The Trump effect starts to take its toll on the oil market

The Trump effect starts to take its toll on the oil market

Marcello Vallese
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The first moves of the new administration and the resumption of shale oil extraction will considerably affect price quotations

While OPEC, after the hard-won agreement on the freezing of production levels reached in late November, has pledged to implement the agreement in cooperation with Russia, another market heavyweight has taken advantage of the momentary rise in prices to fully open up the taps.According to the latest estimates by the Energy Information Administration (EIA), in 2017 the USA will produce more than 9 million barrels per day, representing an increase of 5.6% over the previous year. This growth, combined with the OPEC production cut estimated by the Petro-Logistics SA petrol tanker tracking website in January at 900,000 barrels, in addition to the reduced capacity of local refineries to process the oil with low sulphur content extracted from the Texas shale rocks, could push American exports to around 800,000 barrels a day.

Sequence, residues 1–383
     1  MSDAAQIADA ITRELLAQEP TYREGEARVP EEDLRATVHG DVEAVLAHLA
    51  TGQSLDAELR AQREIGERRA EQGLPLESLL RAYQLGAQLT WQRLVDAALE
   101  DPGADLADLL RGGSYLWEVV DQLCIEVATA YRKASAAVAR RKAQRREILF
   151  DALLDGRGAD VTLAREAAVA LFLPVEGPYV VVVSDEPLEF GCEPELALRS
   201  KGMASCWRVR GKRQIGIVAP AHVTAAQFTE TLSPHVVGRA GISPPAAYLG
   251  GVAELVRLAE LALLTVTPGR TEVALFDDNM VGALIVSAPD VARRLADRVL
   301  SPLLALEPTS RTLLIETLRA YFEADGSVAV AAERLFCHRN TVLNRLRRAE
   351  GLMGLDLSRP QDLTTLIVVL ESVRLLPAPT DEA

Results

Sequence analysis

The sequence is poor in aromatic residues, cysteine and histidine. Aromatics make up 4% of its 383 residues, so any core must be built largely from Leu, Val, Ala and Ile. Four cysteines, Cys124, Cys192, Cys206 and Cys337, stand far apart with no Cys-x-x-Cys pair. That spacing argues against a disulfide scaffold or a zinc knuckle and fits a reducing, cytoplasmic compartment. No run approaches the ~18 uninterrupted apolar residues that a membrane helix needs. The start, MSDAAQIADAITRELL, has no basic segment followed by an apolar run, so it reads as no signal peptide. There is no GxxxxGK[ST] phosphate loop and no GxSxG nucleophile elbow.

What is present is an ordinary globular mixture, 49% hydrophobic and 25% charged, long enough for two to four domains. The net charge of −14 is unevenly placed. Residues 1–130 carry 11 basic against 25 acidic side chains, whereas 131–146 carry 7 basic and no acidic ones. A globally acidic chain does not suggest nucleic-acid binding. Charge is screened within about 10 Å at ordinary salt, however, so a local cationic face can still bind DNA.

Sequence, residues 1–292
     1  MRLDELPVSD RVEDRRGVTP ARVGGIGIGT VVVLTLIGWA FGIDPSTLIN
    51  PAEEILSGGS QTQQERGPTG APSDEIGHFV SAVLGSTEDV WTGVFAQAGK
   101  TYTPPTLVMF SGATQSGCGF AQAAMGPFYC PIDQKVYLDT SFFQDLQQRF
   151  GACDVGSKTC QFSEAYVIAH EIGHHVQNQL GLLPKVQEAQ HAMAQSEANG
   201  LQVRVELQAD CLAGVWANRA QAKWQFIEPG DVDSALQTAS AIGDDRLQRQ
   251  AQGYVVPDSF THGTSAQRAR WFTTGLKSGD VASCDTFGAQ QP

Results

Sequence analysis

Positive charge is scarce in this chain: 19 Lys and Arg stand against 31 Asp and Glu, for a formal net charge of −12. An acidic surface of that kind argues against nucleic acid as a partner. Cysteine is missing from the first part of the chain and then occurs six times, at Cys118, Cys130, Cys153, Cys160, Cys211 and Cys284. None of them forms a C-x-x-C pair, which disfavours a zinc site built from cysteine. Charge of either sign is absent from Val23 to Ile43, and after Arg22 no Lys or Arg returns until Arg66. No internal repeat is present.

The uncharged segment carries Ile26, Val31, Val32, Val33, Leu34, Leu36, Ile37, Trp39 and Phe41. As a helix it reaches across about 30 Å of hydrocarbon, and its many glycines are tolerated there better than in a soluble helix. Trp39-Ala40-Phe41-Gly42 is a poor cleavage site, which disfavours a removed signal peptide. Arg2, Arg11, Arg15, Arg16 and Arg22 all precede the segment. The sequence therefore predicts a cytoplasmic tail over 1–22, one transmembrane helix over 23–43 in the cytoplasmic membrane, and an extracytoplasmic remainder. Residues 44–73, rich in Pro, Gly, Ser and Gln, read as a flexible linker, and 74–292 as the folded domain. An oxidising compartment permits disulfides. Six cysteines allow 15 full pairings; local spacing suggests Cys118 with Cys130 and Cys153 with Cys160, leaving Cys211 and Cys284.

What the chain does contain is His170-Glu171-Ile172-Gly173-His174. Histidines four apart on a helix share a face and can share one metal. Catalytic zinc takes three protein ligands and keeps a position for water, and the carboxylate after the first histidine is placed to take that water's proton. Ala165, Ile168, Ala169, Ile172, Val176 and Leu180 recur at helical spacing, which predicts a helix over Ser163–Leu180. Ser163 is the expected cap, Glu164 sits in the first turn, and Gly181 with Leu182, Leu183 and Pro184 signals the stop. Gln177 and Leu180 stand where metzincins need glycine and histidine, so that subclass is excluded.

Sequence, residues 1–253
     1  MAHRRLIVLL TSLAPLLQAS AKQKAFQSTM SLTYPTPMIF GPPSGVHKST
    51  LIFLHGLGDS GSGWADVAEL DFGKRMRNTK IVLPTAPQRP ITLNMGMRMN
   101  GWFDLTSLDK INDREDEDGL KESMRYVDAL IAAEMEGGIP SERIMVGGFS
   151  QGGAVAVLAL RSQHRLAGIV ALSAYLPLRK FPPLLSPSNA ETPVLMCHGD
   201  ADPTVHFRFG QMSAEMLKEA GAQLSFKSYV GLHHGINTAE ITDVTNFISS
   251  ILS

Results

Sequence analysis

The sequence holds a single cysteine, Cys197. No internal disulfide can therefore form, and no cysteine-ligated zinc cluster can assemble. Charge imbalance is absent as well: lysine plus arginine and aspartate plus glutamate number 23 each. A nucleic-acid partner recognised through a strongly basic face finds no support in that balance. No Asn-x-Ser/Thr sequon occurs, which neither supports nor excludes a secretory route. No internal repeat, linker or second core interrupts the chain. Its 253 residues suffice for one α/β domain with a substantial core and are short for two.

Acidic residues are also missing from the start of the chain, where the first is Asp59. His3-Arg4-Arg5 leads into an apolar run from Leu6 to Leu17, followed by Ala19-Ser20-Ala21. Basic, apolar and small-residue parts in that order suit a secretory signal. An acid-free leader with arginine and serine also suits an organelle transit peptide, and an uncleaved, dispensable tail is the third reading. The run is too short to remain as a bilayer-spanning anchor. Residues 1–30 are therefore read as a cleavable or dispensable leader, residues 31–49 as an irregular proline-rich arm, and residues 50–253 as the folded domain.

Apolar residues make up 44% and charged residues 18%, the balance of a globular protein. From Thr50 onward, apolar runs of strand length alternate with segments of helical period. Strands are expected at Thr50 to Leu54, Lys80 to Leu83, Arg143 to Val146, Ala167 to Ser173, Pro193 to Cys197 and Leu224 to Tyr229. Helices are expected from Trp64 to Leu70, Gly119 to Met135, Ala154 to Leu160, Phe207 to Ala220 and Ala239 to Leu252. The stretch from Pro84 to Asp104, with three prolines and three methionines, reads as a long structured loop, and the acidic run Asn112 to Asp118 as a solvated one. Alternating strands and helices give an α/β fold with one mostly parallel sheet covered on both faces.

Crude oil prices recently underwent a further upsurge, due to renewed tensions between the US and Iran, but aboveall awaiting the next move of the Trump administration, the cancellation of the Dodd-Frank Act. The measure, approved in 2010 by Barack Obama as a response to the financial crisis of 2008, requires greater transparency from energy companies in financial transactions with foreign countries. On the New York Stock Exchange WTI futures due in March reached 54 dollars a barrel, while Brent has exceeded 57 dollars per barrel. The markets have not remained indifferent to the White House memo, that explained how the Dodd-Frank "would impose administrative burdens on American companies that, moreover, could suffer a competitive disadvantage in the face of foreign competitors who are not obliged to comply with similar regulations."
The enthusiasm unleashed by Trump's laissez faire approach has been curbed by the words of International Energy Agency head Fatih Birol. According to the IEA's Turkish director, the recent price stability may be short-lived, given that the world "is entering a period of great volatility", mainly because of the expected increase in US production that will peak this summer, when prices will enable the potential of the still untapped shale basins to be exploited to the full.